Could the New MacBook’s Single USB-C Port Pose a Major Security Threat?


Apple aficionados have applauded many aspects of the new MacBook’s design, but many have complained about the new MacBook’s single USB-C port. In addition to being inconvenient, some argue that it poses a significant security risk.

Malware spread via USB is nothing new, and some researchers fear that a USB-C charger could become a malware free-for-all. It’s not an impossible scenario. Since people are more likely to borrow a charger than plug in an unfamiliar USB stick, the single USB-C port could increase the spread of USB-transmitted malware. In reality, there’s probably no shadowy figure waiting to infect your new MacBook with a cleverly programmed power cord. A little paranoia is advisable, but too much paranoia can ruin a good thing.

How Likely Is a USB Malware Attack?

A recent article published by The Verge suggested a scenario in which an attacker programmed a USB-C power cord with malware. The attacker then plugged the cord into a café outlet and waited for people to charge their laptops with it, thus infecting their computers with malware. Although USB attacks are one of the most effective ways to introduce malware onto a computer — think Stuxnet — they’re much less common than online vectors. To infect a new MacBook via USB, someone would have to deliberately insert an infected USB-C device into the port.

Although anything’s possible, most USB attacks aren’t aimed at unsuspecting café Wi-Fi freeloaders. They’re designed to infiltrate specific computers and specific organizations, and they’re conducted by governments committing espionage. To spread Stuxnet, for example, operatives plugged infected USB drives into computers in Iranian nuclear plants. The attack had a specific purpose, which was to cause malfunctions that would destroy nuclear centrifuges.

Bottom line: Unless you’re a nuclear scientist or someone connected to a valuable espionage target, don’t worry about your lone USB-C port. If you’re just a regular Joe drinking coffee, no one’s waiting for you with a nefarious power cord.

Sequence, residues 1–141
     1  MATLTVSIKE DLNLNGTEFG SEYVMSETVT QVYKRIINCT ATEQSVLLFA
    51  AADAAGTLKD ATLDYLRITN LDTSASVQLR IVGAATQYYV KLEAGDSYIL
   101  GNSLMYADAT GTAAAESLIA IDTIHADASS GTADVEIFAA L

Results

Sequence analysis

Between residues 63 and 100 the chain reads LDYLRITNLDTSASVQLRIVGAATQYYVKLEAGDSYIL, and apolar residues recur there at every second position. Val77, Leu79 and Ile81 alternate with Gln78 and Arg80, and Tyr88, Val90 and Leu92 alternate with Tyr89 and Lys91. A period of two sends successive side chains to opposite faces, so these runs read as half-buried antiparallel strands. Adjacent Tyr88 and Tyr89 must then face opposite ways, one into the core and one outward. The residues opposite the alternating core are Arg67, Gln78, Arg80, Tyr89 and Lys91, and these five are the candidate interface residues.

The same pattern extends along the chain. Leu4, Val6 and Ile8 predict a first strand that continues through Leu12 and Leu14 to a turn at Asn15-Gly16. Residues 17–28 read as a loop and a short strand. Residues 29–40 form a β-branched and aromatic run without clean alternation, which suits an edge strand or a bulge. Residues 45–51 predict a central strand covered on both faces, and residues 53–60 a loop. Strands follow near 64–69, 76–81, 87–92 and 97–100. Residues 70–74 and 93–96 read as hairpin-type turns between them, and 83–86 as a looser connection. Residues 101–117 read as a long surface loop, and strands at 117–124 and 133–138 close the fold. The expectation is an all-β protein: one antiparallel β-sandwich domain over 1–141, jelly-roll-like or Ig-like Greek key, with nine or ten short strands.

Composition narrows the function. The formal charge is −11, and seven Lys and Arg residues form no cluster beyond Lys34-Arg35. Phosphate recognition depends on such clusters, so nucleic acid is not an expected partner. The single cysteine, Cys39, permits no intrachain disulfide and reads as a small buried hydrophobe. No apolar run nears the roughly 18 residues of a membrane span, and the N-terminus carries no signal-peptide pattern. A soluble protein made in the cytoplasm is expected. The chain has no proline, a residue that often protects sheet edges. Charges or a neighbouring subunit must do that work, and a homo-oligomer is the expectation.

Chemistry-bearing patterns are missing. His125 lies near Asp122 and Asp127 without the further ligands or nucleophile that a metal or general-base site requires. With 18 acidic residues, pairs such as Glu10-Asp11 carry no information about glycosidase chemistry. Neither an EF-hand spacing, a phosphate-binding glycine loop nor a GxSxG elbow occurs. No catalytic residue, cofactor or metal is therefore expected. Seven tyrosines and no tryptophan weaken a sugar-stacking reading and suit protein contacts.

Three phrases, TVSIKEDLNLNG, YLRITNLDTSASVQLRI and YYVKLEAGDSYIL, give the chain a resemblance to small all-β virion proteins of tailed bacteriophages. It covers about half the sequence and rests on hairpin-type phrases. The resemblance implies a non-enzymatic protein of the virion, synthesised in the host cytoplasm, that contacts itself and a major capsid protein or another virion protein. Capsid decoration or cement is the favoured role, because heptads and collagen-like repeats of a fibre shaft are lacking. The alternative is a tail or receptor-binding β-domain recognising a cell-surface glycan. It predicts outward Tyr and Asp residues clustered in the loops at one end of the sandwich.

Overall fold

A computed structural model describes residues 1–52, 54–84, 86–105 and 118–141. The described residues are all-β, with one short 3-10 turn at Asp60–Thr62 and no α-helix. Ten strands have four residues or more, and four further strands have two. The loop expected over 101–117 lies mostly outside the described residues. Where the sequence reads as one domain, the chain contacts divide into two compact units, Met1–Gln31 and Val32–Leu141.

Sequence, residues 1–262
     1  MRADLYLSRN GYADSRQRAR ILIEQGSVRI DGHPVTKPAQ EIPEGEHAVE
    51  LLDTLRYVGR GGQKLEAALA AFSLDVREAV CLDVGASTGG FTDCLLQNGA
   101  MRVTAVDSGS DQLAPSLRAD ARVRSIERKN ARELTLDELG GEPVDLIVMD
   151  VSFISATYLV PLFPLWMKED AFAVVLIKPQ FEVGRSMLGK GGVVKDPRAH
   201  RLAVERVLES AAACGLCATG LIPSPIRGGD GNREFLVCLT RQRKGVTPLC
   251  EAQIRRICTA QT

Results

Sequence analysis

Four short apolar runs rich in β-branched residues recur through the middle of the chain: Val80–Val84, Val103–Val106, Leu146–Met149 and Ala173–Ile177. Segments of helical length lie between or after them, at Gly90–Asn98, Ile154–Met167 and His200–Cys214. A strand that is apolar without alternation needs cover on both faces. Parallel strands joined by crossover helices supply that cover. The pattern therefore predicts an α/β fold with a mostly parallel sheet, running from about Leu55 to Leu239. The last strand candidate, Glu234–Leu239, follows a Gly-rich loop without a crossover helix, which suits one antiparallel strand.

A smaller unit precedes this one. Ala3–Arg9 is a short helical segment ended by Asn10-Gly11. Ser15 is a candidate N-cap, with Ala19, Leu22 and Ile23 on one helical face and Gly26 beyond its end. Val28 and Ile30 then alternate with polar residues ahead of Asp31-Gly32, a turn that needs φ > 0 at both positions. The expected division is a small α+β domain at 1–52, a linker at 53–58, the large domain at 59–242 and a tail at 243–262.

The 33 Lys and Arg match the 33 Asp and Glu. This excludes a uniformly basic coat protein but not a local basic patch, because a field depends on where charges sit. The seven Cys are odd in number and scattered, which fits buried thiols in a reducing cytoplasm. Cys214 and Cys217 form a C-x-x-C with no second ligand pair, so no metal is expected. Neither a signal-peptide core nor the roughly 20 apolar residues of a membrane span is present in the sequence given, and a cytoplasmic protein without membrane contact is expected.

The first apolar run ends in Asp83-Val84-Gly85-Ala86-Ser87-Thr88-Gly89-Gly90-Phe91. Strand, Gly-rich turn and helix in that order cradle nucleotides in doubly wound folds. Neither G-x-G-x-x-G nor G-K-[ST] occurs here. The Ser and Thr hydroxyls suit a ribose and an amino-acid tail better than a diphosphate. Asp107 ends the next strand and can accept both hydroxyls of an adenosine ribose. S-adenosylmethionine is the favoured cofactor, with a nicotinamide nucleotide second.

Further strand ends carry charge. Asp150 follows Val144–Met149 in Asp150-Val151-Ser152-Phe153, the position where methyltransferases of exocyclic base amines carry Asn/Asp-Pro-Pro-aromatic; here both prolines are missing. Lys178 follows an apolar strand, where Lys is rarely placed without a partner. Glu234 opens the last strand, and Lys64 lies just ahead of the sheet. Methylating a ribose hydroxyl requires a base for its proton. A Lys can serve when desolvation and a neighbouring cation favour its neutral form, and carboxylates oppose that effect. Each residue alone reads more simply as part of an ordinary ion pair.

Related: 7 Tips for Better Mac Security

What About BadUSB and WireLurker? They’re USB-Related and Scary

People who train to become security experts, whether on the job or in top cybersecurity graduate programs, get paid to think of every imaginable attack scenario, and some of those scenarios do involve USB devices. Two USB attacks that made the news last year have caused many to rethink USB as a universal plug-and-play standard.

BadUSB, a proof-of-concept attack uncovered by Karsten Nohl and Jakob Lell, can transmit firmware infections from computer to computer via connected USB devices. However, just because Nohl and Lell demonstrated that BadUSB could happen doesn’t meant that an attack is imminent. WireLurker malware, which infected Apple and iOS devices in China, originated in third-party app stores. Users installed third-party Mac apps infected with WireLurker, and WireLurker installed itself on syncing iOS devices.

The WireLurker attack alarmed people — rightfully so — because a third-party application shouldn’t be able to install itself onto a non-jailbroken iOS device. However, if Mac users stick to the Mac App Store and avoid downloading third-party software, then they’re not in immediate danger of being exposed to WireLurker.

Keeping Your New MacBook Safe

macbook_security_threat

If you’re truly worried someone about coming after your new MacBook with an infected USB-C device, these simple precautions will put your mind at ease:

  • Never leave your MacBook unattended. Seriously. It’s not that hard. If you leave your office while your MacBook’s inside, lock the door behind you.
  • Only use Apple apps and peripherals. Don’t buy the third-party chargers and batteries that Apple plans to allow for the new MacBook. Even when you’re in a pinch, don’t plug in anyone else’s chargers or USB devices. Also, don’t download non-Apple applications for your new MacBook if you’re worried about malware like WireLurker.
  • Don’t use your personal new MacBook at work. Don’t do work on your personal devices, and don’t use your personal devices to access work-related networks. That way, if a secret agent or stealthy café stalker infects your new MacBook using a USB-C device, your MacBook malware won’t put anyone in danger except you.

Reality Check

It’s much easier for an attacker to infect a third-party app and let people mass-download malware than it is to stick infected USB devices into random MacBooks. Unless someone has a reason to come after your new MacBook, you’re going to be okay.

Man using MacBook image by Startup Stock Photos (public domain)


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